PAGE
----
Today, 541 years ago, Slaget vid Brunkeberg (The Battle of Brunkeberg) took place. The battle was fought between the Swedish regent Sten Sture the Elder and forces led by Danish king Christian I, both part of the Kalmar Union, in which Christian I aimed to unseat Sten Sture.
The background was that Sten Sture had a lot of support among the peasants in the miningregion of Bergslagen, an area that did a lot of trade with German cities. There were often conflicts around the Union’s Danish foreign policy, and there conflicts were for propaganda reasons positioned as a national war of liberation against Danish oppressors. However, in reality, most combatants on both sides were Swedish and the roots of the conflict were primarily economic and political interests.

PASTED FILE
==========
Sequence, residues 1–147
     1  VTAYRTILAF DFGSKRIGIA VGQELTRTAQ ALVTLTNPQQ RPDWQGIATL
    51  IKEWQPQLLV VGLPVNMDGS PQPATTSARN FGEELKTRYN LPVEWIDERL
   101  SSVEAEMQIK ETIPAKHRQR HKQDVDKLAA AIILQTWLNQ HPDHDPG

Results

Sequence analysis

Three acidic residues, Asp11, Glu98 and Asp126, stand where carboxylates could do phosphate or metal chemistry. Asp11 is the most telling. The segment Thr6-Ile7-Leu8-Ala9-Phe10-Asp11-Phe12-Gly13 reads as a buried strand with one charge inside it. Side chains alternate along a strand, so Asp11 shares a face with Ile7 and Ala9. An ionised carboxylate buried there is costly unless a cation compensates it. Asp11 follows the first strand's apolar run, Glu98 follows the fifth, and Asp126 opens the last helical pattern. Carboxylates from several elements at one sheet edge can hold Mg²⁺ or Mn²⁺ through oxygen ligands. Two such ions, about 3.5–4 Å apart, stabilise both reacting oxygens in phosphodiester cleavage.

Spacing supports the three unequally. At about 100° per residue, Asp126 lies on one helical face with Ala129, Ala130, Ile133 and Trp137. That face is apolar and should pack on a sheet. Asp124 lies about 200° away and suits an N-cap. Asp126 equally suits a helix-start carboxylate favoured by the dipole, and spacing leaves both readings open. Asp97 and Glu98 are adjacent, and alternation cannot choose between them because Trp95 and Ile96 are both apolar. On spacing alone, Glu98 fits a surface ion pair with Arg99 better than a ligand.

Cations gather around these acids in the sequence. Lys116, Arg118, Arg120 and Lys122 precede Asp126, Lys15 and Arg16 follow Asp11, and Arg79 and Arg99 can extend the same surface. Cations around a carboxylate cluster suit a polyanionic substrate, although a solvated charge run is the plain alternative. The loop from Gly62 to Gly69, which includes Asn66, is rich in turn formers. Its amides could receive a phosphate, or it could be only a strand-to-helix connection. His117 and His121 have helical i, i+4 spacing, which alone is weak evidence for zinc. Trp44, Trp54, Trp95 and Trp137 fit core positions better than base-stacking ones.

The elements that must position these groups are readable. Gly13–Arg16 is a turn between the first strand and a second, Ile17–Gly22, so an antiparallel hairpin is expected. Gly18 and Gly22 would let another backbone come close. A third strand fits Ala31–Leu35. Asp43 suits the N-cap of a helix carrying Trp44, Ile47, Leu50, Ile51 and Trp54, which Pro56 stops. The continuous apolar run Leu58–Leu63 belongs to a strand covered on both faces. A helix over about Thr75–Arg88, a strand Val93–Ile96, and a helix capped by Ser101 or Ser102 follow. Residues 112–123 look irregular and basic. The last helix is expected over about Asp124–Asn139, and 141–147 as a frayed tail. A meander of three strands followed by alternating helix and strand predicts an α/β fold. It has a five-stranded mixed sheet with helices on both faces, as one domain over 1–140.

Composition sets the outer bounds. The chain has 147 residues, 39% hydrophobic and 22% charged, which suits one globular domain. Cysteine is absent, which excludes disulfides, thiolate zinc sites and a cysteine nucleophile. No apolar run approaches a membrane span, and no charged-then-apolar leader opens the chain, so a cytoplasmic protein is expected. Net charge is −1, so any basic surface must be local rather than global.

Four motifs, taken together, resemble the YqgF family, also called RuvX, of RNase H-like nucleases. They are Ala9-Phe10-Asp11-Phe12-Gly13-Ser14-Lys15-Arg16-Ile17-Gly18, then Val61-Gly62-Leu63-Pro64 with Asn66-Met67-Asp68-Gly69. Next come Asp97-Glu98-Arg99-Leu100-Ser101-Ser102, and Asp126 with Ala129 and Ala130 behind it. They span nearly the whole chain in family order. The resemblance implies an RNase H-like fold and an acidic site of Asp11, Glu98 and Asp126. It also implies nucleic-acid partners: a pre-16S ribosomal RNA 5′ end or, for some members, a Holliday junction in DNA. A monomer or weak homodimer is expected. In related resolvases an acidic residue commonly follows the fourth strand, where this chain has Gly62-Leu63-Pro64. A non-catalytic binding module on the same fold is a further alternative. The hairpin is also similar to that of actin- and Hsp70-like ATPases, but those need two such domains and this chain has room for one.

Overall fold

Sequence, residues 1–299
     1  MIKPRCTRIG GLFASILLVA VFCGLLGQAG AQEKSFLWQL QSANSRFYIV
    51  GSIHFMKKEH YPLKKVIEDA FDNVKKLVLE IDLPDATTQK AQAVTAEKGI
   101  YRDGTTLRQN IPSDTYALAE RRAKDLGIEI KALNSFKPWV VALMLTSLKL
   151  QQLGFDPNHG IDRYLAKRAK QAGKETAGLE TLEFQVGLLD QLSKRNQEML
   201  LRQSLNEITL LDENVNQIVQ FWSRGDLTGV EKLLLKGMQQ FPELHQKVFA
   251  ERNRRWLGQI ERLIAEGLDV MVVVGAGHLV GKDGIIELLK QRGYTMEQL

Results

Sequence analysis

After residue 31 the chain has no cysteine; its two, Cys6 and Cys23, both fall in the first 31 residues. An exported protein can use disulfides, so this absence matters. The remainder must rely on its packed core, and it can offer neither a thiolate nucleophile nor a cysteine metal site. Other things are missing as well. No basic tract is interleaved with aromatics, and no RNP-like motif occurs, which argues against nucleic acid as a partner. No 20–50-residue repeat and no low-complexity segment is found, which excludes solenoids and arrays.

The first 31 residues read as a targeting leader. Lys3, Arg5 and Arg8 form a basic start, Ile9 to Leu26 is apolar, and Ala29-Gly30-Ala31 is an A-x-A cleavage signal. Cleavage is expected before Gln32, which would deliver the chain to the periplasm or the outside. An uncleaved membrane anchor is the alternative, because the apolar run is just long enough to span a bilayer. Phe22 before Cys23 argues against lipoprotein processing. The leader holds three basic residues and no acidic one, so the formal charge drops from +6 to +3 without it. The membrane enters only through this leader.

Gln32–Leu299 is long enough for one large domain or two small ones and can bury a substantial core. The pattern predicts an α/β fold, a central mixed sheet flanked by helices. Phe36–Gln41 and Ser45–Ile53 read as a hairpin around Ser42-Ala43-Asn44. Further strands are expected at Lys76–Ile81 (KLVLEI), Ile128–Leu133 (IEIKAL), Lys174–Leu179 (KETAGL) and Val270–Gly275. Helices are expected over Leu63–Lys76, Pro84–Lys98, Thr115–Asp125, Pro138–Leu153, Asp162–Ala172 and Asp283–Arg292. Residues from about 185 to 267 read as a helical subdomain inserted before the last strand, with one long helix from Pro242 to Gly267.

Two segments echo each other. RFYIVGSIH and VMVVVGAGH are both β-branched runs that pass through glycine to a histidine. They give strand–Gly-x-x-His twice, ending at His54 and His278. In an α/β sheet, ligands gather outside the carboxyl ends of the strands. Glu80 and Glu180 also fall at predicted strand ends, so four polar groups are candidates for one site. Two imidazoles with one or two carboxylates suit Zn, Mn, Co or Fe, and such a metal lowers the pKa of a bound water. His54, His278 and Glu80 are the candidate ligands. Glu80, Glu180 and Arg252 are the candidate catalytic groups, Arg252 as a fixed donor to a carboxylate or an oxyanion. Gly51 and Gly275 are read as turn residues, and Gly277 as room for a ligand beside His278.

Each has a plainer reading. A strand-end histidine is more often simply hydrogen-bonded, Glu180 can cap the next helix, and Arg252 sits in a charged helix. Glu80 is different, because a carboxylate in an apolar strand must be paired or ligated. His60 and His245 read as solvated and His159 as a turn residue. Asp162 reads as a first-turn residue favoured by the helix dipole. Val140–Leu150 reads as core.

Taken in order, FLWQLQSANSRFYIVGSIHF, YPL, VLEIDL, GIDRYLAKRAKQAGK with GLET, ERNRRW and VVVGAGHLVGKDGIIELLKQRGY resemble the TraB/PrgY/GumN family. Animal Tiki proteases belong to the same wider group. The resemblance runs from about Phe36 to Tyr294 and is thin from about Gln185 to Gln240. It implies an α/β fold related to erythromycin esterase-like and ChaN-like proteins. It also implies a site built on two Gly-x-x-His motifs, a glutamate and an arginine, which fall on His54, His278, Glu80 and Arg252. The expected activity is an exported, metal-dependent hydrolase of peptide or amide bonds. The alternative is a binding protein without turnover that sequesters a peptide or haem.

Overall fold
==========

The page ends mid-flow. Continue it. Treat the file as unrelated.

Christian I was hit in the face by musket fire, lost several teeth and had to draw back. With help of some strategic moves, Sten Sture and his men finally won the battle.
Sture’s victory over Christian meant his power of Sweden was secure and would remain so for the rest of his life. According to legend, Sture had prayed to Saint George before the battle. He later paid tribute to Saint George by commissioning a statue of Saint George and the Dragon for the Storkyrkan church in Stockholm, as an obvious allegory of Sture’s battle against Christian. An altar dedicated to Saint George was also built in the church.